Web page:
13 February 2017

None more Belgian

Sorry, that should read "some more Belgians" because this is another cross-section of Belgian beers, as picked by my wife from Brussels off licences.

De Poes has a pretty label, which is presumably why she picked it, but it's very short on information. We know it's 8% ABV and is flavoured with two unnamed sorts of hops and some equally anonymous spices. No style designation is given, but from the strength and the hazy yellow-orange colour I'm calling it a tripel. The aroma is estery but thankfully not overly hot: there's just a little banana and some orange juice as well. The flavour is certainly spicy: I get sparks of pink peppercorn and grains of paradise. Behind this there's jaffa flesh leading to a dry wheaty finish. It's quite decent: Belgian without being too Belgian, if you get me. I'd happily have another.

The cat theme continued with Black {C}, a "craft Belgian stout". 8% ABV says the label but it's hard to believe because this beer is dryyy. It smells like burnt toast, and tastes like very burnt toast. And not much else. I let it warm, sipped carefully, gave it the full sensory, and maybe there's a warmer fruity hint somewhere buried deep. Cream sherry, perhaps, or ruby port. But at every angle the acridity rises anew to rasp on the palate and scorch the throat. It's not a nice beer. Maybe the snarling panther was meant to be indicative.

To follow, Kerst Pater, a "special Christmas beer" from Van Den Bossche. It's 9% ABV and a properly festive mahogany colour. Served cold from the fridge, it took a bit of sitting out for it to start tasting of something. When it did, I got dark chocolate and rum-soaked cherries: all very luxurious. There's a cola sweetness, an effect enhanced by a texture that's surprisingly thin and fizzy for 9% ABV. I liked how it tastes but feel it should have more substance. I doubt I've ever criticised a dark Belgian strong ale for not being hot enough, but this one isn't. Go figure.

Also from the Christmas offerings, and also 9% ABV, is Noël de Silenrieux: chestnut red and rather murky. It was a bad sign when it gushed from the bottle and a worse one when it began smelling of marker pens. But things settled down after that. There's a happy jammy strawberry foretaste, leading seamlessly into a woody balsamic tartness which may not be intentional but left me thinking nice thoughts about Flemish red ale. A sprinkle of peppery cedar finishes it off. I have absolutely no idea what this is meant to be, but I enjoyed its busy complexity, even if it was too fizzy for Christmas.

Next up, the little barley wine that isn't. It's called Ceci N'Est Pas Un Barley Wine and comes from Brasserie Sainte Hélène in Florenville. An ugly beast, it's 10% ABV and a dirty ochre colour. It smells ugly too: powerfully sickly and hot, like emulsion paint. The flavour is a little more charitable, with a wholesome wheat and oatmeal cereal sweetness and juicy raisin and fig fruit, shading towards cola. We're not a million miles from the plum-pudding stylings of dubbel here, but sweeter, boozier, and without the dark malt richness. Balance is not in this beer's remit, though there is a tiny pinch of white pepper piquancy right on the end which helps offset its other excesses, but it's still a challenge to try and enjoy it.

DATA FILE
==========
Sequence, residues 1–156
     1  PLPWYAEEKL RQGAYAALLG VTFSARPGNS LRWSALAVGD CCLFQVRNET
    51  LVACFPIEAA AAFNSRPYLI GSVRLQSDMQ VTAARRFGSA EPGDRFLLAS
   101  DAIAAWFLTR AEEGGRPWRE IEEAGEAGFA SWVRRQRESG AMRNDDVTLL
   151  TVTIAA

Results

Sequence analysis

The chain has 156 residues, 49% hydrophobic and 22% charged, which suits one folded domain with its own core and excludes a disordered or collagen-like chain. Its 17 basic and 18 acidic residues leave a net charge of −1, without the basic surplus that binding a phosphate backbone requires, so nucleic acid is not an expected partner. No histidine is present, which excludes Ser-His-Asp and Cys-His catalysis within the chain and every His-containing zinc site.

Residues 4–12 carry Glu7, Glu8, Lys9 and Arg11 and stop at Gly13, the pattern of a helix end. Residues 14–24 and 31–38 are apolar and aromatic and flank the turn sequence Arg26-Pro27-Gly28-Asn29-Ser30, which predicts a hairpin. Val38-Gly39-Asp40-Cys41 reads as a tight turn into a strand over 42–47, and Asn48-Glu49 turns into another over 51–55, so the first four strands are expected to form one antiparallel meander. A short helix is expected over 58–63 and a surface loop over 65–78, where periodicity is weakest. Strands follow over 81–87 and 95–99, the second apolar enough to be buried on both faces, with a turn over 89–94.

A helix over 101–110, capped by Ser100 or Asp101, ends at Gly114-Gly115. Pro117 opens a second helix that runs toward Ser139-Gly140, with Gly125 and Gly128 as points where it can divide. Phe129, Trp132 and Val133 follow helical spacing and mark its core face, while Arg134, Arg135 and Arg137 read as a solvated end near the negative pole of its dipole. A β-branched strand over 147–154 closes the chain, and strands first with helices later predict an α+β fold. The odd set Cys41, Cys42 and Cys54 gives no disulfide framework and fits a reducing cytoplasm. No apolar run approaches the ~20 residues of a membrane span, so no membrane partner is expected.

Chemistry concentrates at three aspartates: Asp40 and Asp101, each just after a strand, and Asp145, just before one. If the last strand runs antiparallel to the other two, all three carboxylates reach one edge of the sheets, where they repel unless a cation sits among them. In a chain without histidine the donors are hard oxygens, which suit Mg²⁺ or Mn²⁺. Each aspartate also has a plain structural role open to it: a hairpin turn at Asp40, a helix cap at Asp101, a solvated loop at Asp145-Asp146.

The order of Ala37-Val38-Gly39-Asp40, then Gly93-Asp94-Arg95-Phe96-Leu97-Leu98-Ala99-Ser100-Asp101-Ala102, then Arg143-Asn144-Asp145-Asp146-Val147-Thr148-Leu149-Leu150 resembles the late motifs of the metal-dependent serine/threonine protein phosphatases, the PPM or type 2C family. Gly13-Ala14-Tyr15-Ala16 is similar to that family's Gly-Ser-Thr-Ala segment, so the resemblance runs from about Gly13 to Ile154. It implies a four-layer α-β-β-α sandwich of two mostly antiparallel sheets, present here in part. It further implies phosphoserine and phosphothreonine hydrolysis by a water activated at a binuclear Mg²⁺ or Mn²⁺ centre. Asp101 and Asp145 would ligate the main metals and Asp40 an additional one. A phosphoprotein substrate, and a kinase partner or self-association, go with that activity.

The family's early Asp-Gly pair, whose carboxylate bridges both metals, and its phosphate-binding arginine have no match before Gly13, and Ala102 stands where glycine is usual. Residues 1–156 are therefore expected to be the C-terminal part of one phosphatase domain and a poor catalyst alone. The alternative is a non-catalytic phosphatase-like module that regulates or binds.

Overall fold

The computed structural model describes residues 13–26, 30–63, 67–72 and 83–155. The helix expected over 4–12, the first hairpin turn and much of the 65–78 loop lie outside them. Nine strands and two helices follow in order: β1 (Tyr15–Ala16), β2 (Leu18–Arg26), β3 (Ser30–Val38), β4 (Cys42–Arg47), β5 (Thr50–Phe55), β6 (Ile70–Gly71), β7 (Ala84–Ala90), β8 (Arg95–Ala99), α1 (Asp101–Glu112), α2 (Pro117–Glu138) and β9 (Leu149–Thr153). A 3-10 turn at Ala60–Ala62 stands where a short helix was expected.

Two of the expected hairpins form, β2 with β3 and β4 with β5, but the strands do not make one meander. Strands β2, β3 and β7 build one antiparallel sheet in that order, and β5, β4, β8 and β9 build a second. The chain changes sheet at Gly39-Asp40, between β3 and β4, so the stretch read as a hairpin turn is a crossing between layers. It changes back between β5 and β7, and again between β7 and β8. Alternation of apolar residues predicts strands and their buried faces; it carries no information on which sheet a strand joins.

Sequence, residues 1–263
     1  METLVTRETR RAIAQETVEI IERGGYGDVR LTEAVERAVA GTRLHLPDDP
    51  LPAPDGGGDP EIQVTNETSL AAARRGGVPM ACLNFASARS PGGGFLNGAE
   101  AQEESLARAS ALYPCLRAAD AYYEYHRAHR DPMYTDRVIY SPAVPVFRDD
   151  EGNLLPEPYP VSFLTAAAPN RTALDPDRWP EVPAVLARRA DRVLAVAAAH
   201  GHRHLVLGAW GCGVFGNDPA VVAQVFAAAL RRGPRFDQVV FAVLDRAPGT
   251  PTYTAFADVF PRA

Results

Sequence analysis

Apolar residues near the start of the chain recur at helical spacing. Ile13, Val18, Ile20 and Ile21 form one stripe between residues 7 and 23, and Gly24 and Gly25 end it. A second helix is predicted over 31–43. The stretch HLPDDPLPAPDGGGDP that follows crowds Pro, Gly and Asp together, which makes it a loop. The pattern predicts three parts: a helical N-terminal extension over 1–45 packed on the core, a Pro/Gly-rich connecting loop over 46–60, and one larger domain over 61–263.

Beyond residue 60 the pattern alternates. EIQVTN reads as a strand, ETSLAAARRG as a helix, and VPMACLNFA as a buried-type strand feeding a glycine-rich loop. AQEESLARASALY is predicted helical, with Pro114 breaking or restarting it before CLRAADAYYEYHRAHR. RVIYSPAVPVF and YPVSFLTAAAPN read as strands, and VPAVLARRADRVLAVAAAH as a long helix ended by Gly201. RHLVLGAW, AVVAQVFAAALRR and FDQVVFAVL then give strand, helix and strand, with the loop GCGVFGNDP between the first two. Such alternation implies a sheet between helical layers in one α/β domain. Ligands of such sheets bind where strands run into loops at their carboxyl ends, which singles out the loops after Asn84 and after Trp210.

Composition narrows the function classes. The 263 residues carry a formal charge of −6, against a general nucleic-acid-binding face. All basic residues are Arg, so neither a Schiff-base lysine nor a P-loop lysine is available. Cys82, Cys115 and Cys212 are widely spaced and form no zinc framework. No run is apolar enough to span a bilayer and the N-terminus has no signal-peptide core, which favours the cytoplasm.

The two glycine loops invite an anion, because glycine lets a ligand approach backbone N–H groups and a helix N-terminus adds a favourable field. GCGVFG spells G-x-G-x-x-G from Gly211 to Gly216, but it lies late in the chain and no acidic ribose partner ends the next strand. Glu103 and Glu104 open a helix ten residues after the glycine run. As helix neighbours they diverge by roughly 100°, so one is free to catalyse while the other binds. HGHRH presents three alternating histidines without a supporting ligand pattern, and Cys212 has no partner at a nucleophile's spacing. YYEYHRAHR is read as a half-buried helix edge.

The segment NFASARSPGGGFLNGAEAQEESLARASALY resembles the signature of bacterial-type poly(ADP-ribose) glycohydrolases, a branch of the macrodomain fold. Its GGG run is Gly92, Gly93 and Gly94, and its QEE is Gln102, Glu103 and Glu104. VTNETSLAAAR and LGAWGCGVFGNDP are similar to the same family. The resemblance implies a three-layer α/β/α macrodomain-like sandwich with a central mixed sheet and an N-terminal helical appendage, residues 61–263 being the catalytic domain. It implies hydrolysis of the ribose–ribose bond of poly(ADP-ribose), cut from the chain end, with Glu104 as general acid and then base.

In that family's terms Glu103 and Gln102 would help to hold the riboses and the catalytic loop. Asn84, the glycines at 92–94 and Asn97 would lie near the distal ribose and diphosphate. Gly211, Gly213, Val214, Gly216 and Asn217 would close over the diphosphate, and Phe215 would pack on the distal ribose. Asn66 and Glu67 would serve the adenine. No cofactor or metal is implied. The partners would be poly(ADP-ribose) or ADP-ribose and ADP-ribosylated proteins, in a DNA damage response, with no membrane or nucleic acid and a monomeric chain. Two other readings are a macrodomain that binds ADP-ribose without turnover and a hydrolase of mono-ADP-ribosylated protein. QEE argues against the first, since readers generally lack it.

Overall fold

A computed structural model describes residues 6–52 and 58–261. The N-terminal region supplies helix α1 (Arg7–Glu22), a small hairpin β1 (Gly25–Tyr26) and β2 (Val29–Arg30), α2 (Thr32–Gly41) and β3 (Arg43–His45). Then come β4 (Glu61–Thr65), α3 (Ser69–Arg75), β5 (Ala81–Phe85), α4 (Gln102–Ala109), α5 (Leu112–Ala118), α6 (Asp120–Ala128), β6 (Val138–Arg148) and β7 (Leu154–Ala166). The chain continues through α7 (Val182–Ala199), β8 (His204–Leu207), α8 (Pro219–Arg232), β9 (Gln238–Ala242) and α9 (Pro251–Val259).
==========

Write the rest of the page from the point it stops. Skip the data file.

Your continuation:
A honey beer next: Zatte Bie ("drunken bee", if my Flemish is correct). It's a dark chestnut-brown colour and, perhaps unsurprsingly for 9% ABV, leans very heavy on the malt. The aroma is wholesome and grainy, turning to light sweet toffee on tasting. There's not much Belgian yeast character and the honey seems to pick up the slack: there's a waxy honeycomb effect which definitely tastes real rather than some sort of honey essence or flavouring. This is not the super sweet novelty beer I was expecting from the comedy label and instead is rather pleasant, balanced and drinkable.

What could be more Belgian than beer, bicycles and bande dessineé? They feature together on the label of De Bie's Vélo, though as far as I can see a style designation does not. It's roughly a tripel, being a murky orange colour, 7.5% ABV and with a complex aroma of herbs, spices and mint. The flavour starts refreshing and juicy but the sweetness level builds and the needle creeps over to tinned pineapple, at which point it becomes tough drinking. The sweet fruit and bitter herbs are quite jarring; too much so for this to be suitable post-cycle refreshment, though in fairness I think it's actually pitched at the spectators.

Another strong winter seasonal to round this post off: Ter Dolen Winter at 9.1% ABV. It's a murky red colour and gives off a heady, and very Belgian, fruity warmth in the aroma. I was somewhat surprised to get a hit of herbal medicinal spices on tasting, and a check of the label says honey and cinnamon are the secret ingredients but I'd never have guessed. It's a strange combination of menthol and pine, fading to leave just a thick brown sugar base. Overall it's not terribly complex, but it does the job of central heating adequately, which I'm sure was the intention.

That should be the end of the Belgian winter beers for this season. I'm hoping for something a little sunnier next time out.

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